She always says “you kids are all born with a silver spoon of expression in your mouths, you’re probably the last generation to be allowed to create anything independently at all.” Whatever.

I get that I’m privileged, I get that the kids who live on the ground floor of the city aren’t allowed to even watch the news, let alone listen to the type of music they want or watch a movie of their choice. But fuck, I at least thought there would be more people with my privilege who had an interest in using it for something beyond violence. 

October 31st - I know I’m too old for Halloween, but I feel like this might be the last time I look young enough to walk around and explore the city on the ground floor without getting asked to show my papers at the elevator checkpoint. I’ve spent the last 364 days in this high rise complex connected by skybridges. I can walk miles up and here and never have to leave the top floors. They don’t seem to want us to go down there, especially now that we seem to be old enough to figure out just how fucked up it is that we’re constantly separated to the rest of the world by 50 floors. Fuck ‘em, I want free candy, I’ll let you know how it goes.

November 1st - I saw a kid my age dressed up like Joey Ramone. It had to be him. He had the leather jacket, scraggly long black wig, the skinny jeans, no way I’m making this up. He was with his mom and little brother, who was dressed up like a zombie. 

I went up to him and told him I loved his Ramones costume and that they’re one of my favorite oldies bands. I told him I just got an electric guitar for my birthday and that I’m teaching myself how to play Jackie and Judy. I asked if he played any instruments and if he wanted to jam sometime, how nobody at my school is into music and how hard it’s been to make friends. 

The kid just stared at me blankly, like I was speaking a different language. His mom grabbed him by the wrist. 

“You people killed my husband for the work he did and loved and now you want to entrap my son? Get the fuck out of here, shameless Universal Music Group pig. You will never speak to my son again, go back upstairs where you belong.” And they were gone.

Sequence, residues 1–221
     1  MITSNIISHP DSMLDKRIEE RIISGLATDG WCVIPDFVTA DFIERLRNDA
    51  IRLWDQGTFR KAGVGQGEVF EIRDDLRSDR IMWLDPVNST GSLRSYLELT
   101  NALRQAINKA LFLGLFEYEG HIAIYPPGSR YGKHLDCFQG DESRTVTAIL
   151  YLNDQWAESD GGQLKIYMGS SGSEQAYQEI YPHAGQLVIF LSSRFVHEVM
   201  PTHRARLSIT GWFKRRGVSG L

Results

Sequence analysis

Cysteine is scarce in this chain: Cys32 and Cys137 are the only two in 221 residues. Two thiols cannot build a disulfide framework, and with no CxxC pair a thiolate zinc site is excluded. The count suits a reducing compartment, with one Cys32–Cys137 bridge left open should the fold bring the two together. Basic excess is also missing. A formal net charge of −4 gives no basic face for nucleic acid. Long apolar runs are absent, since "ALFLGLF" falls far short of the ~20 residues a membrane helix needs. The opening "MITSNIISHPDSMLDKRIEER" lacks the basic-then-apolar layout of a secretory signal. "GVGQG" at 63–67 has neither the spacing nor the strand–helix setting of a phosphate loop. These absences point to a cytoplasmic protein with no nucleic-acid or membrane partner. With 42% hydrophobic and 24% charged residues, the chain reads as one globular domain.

I’m here in my room looking at my guitar collecting dust. I can’t imagine what it would be like if none of this ever happened, how it used to be when you could just go see a show and meet like minded music people. Would I even be alive if it weren’t for the work my dad does? Am I here simply to carry on the family legacy in making independent music illegal? What’s the fucking point in even enjoying this if there’s no one to enjoy it with? I know listening to the Ramones isn’t supposed to fill me with this feeling of alienation, relentless dread. 

It’s raining now, here on the 55th floor we are level with the clouds. A fog surrounds the outside of my room. The window is open. The wind sounds like it’s calling me.



DR. SCHULZ (S): Can you hear me, David? It’s Dr. Gerald Schulz, we met at the Refinery last year for your annual health exam. I’m sorry if you can’t see me just yet, but you should be able to hear my voice just fine now, am I coming through?

011v3: Where am I? I can’t see anything.

S: Yes and I do sincerely apologize for that, when the procedure was done following your visit last year we hadn’t initially mentioned the side effects. You have been transferred to the Reality Labs General Intelligence Center in California, a much calmer setting than grimey old Brooklyn if you ask me! 

011v3: Procedure?

S: Yes of course David, you don’t recall our conversation in New York? You had volunteered for our first wave of trial runs that aimed to create the perfect artist! And I’m proud to say that thanks to your remarkable musical mind, we might have just been able to do it. Exciting, isn’t it?

011v3: I…I don’t understand. The last thing I remember was going in for my annual check-up at The Refinery. I was meeting my comp quotas, my shit was getting licensed just fine, I thought I was doing good. People liked my content. What happened? Why don’t I remember coming to California, let alone what happened at the end of my check-up?

S: I understand this is a lot for you to take in all at once David. Let me be as clear as I can: when you signed the membership contract with Tunebrokr, you relinquished all rights to both your physical and creative means of production. When you came in for your last check-up, we were finally able to activate your Sonic Avatar through the musical data you have provided us all these years. The reason you cannot see me now…is because you no longer have eyes. You no longer need them. 

011v3: …what?

S: In fact, you no longer have a body. You are one of our first artists to ascend past the need for a physical form. No longer will you feel limited by what your body is capable of performing musically. You simply need to conjure a musical idea as someone of your talents always has, and the recording will render itself in real-time directly to our servers. All it takes is a simple initial thought from you, and our algorithmic studio assistant, Nigel, will take care of the rest. 

NIGEL (N): Good morning, Number 011v3, it is a pleasure to meet you, and I look forward to serving you in your future musical endeavors.

S: Easy, Nigel, don’t be so clinical, his name was…is…David, and that is how we shall address him. 

N: My mistake Dr. Schulz, and my sincerest apologies David.

011v3: I want my body. Where is my body?